The NIU QB class is also not terribly deep. After Jordan Lynch and Chandler Harnish, there isn’t really a lot there I felt reasonably good about in the last 20 years. Even arguing for Marcus Childers being a MAC Freshman of the Year, he was eventually replaced and transferred. Hell, Jordan Lynch being converted to a running back in the pros is about all you need to know on that front.
I know there will be complaints of homer bias in my choice to make CMU the #1 QB school, but I feel from a numbers and depth perspective, I think there’s a lot to like with Central’s roster. The LeFevour-Radcliffe-Rush run of three straight QB’s starting 3+ years isn’t something to overlook, and the pro success of LeFevour and Rush is also a point in their favor. All three of those QB’s are tops in their program in most passing stats, and also ushered some of CMU’s greatest successes in the last 20 years. Even Shane Morris had a great year at CMU in his graduation year, and Dormady and Moore really helped CMU in their quest for a MAC West title last season.
I voted Ohio third primarily on the strength of some sneaky good QB’s such as Tyler Tettleton and Nathan Rourke, who are both great QB’s who never got their due because they couldn’t clinch that ever-elusive MAC championship. They deserve a shout-out.
Zach: It was tough for me to go between CMU and NIU, because LeFevour and Rush were so prolific. I ultimately ended up going with NIU first because Jordan Lynch led them to an Orange Bowl, which is a height CMU has never reached.
Jordan: For QBs, I feel like NIU is an excellent representative for the conference. Jordan Lynch was an otherworldly talent during his career there, Chandler Harnish was also highly productive, and the Huskies had solid play from guys like Drew Hare. I had Miami at #2 thanks to Big Ben and Zac Dysert (although Brett Gabbert has an equally high ceiling). I put Ohio at #3 because they have had some remarkably steady play from guys like Tyler Tettleton and Rourke.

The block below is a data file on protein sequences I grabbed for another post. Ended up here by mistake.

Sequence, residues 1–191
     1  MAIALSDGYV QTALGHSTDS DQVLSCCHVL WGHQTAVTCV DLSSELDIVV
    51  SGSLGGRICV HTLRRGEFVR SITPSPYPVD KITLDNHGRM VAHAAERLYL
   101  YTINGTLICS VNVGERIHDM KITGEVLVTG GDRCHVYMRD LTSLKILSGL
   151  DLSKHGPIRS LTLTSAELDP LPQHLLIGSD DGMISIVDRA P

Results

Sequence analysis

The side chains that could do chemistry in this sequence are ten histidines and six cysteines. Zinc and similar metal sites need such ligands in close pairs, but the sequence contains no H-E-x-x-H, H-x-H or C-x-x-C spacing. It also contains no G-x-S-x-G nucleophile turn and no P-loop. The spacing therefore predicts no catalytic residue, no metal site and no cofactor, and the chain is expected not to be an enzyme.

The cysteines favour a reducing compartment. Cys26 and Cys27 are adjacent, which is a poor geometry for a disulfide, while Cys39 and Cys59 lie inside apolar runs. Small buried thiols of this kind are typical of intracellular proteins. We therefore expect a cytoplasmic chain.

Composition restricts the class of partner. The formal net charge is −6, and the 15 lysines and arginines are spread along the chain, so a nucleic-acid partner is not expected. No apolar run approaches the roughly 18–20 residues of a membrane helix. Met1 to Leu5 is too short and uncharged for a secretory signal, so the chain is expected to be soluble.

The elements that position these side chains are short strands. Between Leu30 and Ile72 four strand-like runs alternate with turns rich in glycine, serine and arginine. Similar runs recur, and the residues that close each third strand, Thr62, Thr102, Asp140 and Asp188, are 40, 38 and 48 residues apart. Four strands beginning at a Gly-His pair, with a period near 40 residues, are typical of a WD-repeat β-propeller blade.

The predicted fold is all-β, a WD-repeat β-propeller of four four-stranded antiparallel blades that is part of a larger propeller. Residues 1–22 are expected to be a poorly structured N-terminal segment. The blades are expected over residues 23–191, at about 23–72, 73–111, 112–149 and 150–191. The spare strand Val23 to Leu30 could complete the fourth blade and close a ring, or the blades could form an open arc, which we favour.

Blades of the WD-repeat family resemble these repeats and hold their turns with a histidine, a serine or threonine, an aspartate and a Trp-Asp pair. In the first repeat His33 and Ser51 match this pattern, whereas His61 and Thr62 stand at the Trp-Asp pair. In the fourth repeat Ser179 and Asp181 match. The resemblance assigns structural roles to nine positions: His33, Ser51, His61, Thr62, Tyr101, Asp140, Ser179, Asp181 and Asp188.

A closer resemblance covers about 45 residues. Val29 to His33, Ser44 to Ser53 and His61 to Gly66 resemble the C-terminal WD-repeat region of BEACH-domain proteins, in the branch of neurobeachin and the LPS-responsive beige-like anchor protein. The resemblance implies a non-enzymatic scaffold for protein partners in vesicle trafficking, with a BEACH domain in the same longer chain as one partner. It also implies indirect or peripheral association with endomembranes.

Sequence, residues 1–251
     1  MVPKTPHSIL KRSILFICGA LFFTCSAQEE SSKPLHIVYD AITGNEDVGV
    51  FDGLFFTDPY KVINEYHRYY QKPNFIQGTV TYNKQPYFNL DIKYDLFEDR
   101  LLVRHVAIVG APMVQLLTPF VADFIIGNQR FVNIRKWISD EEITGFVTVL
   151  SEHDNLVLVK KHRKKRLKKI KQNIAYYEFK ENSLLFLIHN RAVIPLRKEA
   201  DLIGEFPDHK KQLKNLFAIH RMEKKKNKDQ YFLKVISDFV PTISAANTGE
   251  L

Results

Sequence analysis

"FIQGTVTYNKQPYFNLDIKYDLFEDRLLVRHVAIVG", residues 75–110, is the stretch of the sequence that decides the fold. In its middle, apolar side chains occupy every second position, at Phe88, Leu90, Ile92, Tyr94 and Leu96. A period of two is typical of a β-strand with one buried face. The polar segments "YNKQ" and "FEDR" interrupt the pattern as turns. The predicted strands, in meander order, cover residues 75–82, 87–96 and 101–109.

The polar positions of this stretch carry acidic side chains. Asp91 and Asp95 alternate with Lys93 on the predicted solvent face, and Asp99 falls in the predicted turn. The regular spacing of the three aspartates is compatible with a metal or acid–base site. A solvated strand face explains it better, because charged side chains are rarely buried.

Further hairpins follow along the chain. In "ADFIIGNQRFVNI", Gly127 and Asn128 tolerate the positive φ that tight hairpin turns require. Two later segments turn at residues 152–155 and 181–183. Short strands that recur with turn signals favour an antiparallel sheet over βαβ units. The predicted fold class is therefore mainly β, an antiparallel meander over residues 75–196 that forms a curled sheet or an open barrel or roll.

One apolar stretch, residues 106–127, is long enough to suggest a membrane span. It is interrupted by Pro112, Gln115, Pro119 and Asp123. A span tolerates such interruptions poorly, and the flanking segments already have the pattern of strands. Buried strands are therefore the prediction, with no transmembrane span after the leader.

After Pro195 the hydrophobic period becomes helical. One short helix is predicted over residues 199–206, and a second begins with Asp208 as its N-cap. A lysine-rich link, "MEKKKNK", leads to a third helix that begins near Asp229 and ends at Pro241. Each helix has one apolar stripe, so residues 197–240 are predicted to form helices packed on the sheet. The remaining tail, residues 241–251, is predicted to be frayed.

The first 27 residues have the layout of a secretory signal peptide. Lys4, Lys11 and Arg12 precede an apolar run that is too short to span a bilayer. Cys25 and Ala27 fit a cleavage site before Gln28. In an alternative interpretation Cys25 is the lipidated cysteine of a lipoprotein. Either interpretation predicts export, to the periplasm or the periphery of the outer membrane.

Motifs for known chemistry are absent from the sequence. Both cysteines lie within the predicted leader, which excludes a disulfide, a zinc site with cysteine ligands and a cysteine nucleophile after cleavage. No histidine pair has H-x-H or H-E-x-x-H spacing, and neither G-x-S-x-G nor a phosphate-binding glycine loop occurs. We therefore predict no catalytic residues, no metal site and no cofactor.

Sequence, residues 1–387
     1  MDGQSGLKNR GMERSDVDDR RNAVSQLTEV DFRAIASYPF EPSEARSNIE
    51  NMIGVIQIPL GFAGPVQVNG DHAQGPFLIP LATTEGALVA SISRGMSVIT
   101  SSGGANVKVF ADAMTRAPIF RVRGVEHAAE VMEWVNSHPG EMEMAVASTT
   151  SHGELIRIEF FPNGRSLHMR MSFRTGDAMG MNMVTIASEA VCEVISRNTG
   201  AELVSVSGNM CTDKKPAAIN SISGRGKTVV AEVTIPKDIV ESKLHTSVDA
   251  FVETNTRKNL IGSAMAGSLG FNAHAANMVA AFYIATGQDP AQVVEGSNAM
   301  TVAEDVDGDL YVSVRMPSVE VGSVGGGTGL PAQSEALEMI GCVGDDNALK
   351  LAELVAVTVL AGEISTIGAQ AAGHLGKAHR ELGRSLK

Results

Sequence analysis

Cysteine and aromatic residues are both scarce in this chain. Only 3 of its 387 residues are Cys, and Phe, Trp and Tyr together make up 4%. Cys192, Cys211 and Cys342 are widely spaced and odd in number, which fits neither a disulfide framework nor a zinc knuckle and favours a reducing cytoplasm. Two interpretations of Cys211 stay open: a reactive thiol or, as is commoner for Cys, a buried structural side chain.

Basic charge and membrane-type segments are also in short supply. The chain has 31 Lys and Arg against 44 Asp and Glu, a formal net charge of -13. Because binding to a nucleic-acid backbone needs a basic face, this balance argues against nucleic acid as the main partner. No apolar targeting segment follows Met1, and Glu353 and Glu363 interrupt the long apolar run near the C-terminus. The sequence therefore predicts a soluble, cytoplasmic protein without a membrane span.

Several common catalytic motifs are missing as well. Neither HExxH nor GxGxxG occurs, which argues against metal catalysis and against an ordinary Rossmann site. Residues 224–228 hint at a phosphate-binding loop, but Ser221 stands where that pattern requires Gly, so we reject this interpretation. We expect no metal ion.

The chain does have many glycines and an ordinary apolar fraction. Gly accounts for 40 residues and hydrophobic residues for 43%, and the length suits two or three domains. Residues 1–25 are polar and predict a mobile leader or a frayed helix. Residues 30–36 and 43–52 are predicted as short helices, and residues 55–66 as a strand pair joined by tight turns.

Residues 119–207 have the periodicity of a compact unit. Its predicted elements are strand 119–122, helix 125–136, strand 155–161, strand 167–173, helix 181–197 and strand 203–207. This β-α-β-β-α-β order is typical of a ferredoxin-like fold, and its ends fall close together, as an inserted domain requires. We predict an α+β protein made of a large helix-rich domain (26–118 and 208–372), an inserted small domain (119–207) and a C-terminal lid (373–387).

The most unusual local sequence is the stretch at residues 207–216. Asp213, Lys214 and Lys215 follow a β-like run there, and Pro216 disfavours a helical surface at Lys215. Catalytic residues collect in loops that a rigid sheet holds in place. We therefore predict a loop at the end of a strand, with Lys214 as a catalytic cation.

Sam: I think this position is pretty self explanatory. When you look at Wenning and Davis what can you say other than studs. Wenning and Davis were a part of Ball State teams that actually produced team success and the records they had/still hold, and if you don’t know their stats look them up phenomenal. And one quick thing to add: Davis was top 10 in Heisman voting, how many MAC Players are even in top 50 let alone top 25 in Heisman voting? Plitt is recency bias on my part, even though he hasn’t had the best team success the preseason award watch lists nominations speak for themselves.
Did we get it right? Tell us who you think is Quaterback U in the poll below, and be sure to sound off in the comments too!
Which school is Special Teams U in the MAC?